360° surveillance video promises high-res detail, multiple views, and DVR features
Traditional surveillance cameras can be of great assistance to law enforcement officers for a range of scenarios—canvassing a crowd for criminal activity during a Fourth of July celebration, searching for who left a suitcase bomb beneath a bench, or trying to pick out a terrorist who has fled the scene and blended into a teeming throng in the subway. But there are shortfalls. For starters, once they zoom in on a specific point of interest, they lose visual contact with the rest of the scene.
But a new video surveillance system currently being developed by the Department of Homeland Security’s (DHS) Science and Technology Directorate (S&T) may soon give law enforcement an extra set of eyes. The Imaging System for Immersive Surveillance takes new video camera and image-stitching technology and bolts it to a ceiling, mounts it on a roof, or fastens it to a truck-mounted telescoping mast.
Like a bug-eyed fisheye lens, this system sees v-e-r-y wide. But that’s where the similarity ends. Whereas a typical fisheye lens distorts the image and can only provide limited resolution, video from this system is perfectly detailed, edge-to-edge. That’s because the video is made from a series of individual cameras stitched into a single, live view—like a high-res video quilt.
“Coverage this sweeping, with detail this fine, requires a very high pixel count,” says program manager Dr. John Fortune, of S&T’s Infrastructure and Geophysical Division, “(this system) has a resolution capability of 100 megapixels.” That’s as detailed as 50 full-HDTV movies playing at once, with optical detail to spare. You can zoom in close…and closer…without losing clarity.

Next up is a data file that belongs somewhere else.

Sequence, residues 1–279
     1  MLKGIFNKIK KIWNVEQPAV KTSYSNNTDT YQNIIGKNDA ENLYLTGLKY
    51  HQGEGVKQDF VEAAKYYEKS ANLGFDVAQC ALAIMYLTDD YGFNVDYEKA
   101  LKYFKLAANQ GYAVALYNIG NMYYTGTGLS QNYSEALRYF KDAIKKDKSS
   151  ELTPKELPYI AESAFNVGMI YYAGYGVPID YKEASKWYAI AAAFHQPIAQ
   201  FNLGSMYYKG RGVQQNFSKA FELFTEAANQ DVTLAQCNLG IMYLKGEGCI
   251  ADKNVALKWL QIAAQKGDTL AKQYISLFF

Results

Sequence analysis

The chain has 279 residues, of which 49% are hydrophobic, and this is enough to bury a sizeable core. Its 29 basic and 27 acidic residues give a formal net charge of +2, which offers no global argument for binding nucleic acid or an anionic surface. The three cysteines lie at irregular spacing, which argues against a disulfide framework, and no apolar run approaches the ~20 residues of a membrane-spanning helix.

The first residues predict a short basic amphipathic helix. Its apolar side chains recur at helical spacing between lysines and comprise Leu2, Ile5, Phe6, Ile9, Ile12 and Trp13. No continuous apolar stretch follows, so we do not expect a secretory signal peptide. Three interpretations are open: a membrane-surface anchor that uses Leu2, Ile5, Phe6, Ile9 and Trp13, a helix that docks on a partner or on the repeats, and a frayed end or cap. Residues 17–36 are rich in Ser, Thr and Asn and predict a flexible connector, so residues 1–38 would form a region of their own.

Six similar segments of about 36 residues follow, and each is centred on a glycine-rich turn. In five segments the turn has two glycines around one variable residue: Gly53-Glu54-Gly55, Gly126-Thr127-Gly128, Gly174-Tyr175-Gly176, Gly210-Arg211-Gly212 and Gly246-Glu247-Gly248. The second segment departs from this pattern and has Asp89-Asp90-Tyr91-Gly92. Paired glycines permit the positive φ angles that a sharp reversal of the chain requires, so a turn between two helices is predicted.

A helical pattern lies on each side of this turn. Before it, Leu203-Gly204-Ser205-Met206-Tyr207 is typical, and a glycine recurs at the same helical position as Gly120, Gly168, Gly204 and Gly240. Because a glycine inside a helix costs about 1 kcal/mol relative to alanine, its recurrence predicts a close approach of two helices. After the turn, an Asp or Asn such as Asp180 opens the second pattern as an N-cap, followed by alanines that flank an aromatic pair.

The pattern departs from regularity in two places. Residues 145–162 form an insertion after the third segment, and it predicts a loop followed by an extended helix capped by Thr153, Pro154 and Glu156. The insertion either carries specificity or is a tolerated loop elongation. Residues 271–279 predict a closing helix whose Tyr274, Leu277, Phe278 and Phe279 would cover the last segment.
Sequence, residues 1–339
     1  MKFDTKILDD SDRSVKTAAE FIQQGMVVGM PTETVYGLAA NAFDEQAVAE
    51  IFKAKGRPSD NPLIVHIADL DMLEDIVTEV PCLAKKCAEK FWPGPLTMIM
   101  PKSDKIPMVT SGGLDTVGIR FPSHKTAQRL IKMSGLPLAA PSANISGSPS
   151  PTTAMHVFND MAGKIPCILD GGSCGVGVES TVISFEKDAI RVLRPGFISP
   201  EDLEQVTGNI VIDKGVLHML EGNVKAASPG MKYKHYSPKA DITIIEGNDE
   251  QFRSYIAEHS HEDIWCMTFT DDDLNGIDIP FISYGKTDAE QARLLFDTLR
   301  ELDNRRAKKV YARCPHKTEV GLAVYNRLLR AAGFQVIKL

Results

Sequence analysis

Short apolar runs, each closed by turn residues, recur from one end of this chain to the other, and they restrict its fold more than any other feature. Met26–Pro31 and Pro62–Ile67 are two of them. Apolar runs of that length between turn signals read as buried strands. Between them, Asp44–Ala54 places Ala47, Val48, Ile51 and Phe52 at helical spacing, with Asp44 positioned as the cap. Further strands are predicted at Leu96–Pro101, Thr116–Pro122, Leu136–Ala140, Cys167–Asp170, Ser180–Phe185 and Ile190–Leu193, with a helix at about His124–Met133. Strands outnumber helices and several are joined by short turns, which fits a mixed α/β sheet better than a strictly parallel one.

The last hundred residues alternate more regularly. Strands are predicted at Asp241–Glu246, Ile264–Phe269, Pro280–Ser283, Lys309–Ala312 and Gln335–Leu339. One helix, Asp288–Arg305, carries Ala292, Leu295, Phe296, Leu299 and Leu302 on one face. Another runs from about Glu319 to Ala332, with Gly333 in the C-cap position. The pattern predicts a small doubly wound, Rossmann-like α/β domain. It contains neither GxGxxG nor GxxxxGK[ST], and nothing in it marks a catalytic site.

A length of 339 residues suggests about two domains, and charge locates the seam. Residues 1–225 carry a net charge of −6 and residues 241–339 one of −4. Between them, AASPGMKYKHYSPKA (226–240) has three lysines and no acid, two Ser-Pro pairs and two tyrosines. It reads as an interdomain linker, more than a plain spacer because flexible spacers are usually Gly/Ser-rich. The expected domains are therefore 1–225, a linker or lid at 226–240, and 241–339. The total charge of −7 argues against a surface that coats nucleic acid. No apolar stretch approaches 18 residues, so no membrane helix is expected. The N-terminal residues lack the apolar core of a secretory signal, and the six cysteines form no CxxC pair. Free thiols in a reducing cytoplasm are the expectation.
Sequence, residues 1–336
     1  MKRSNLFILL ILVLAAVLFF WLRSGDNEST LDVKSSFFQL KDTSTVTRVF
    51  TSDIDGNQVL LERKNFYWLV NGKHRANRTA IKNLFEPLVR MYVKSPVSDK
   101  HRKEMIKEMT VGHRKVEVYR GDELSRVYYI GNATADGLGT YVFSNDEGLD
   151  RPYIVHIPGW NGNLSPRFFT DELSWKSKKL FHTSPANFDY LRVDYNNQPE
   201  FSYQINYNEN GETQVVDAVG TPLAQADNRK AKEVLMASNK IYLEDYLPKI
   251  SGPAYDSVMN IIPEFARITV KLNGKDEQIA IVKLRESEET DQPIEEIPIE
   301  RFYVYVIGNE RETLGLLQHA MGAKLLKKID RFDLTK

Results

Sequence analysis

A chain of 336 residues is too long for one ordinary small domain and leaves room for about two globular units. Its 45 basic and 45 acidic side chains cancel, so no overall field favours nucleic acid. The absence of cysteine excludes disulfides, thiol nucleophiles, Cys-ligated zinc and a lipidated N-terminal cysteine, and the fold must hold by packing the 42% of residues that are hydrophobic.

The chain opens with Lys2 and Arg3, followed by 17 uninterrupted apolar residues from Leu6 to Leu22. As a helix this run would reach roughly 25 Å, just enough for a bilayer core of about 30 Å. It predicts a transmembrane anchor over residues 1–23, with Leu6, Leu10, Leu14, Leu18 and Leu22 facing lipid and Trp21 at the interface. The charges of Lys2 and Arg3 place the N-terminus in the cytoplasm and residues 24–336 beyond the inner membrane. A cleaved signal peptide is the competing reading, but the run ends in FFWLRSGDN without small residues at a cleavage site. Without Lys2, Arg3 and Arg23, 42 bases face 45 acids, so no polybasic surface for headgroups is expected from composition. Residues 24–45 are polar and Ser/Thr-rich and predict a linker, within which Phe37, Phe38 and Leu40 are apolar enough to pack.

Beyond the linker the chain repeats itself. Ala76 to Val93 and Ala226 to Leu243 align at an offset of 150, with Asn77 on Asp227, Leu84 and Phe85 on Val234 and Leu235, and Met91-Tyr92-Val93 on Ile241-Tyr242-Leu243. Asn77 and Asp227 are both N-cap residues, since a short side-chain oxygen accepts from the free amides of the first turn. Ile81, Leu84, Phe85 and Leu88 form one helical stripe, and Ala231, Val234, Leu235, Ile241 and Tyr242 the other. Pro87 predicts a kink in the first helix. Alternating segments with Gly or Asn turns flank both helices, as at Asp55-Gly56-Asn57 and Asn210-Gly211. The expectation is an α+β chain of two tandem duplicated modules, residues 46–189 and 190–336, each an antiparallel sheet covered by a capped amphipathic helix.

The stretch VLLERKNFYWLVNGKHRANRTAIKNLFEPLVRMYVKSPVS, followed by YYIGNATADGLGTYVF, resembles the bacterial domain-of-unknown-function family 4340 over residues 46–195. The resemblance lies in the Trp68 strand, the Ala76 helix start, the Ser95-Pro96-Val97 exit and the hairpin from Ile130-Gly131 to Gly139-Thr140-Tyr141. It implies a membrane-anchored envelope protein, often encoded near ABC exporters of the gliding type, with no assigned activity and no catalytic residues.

The stitching together of several images isn’t exactly cutting-edge magic. For years, creative photographers have used low-cost stitching software to create breathtaking high-res images (like that famous image of the National Mall from Inauguration Day 2009). But those are still images, created days or weeks after a scene was shot. This is quilting video—in real time! And a unique interface allows you to maintain the full field of view, while a focal point of your choice can be magnified.
Other neat tricks—many of which are commercially available—will be provided by a suite of software applications called video analytics. One app can define a sacrosanct “exclusion zone,” for which the system provides an alert the moment it’s breached. Another lets the operator pick a target—a person, a package, or a pickup truck—and the detailed viewing window will tag it and follow it, automatically panning and tilting as needed. Video analytics at high resolution across a 360-degree field of view, coupled with the ability to follow objects against a cluttered background, would provide enhanced situational awareness as an incident unfolds.
In the event that a terrorist attack has occurred, forensic investigators can pore over the most recent video, using pan, zoom, and tilt controls to reconstruct who did what and when. Because these controls are virtual, different regions of a crime scene can feasibly be studied by separate investigative teams simultaneously.
Many of the system's capabilities were adapted from technology previously developed by MIT’s Lincoln Laboratory for military applications. With the help of technology experts from the Department of Energy’s Pacific Northwest National Laboratory, Lincoln Laboratory has built the current system with commercial off-the-shelf cameras, computers, image processing boards and software.
System creators already have their eyes on a new and improved second generation model, complete with custom sensors and video boards, longer range cameras, higher resolution, a more efficient video format, and a discreet, chandelier-like frame—no bigger than a basketball. Eventually, the Department plans to develop a version that will use infrared cameras to detect events that occur at night.
S&T formed a partnership with the Massachusetts Port Authority (Massport), and in December 2009, began a pilot at Logan International Airport, allowing potential Homeland Security end users the opportunity to evaluate the technology. Beyond the potential for enhancing security at our nation’s airports, if successful, the current testing at Logan could pave the way for the eventual deployment of the system to protect other critical venues.
That’s a good thing, says S&T’s Fortune. “We’ve seen that terrorists are determined to do us harm, and (this system) is a great example of one way we can improve our security by leveraging our strengths.”
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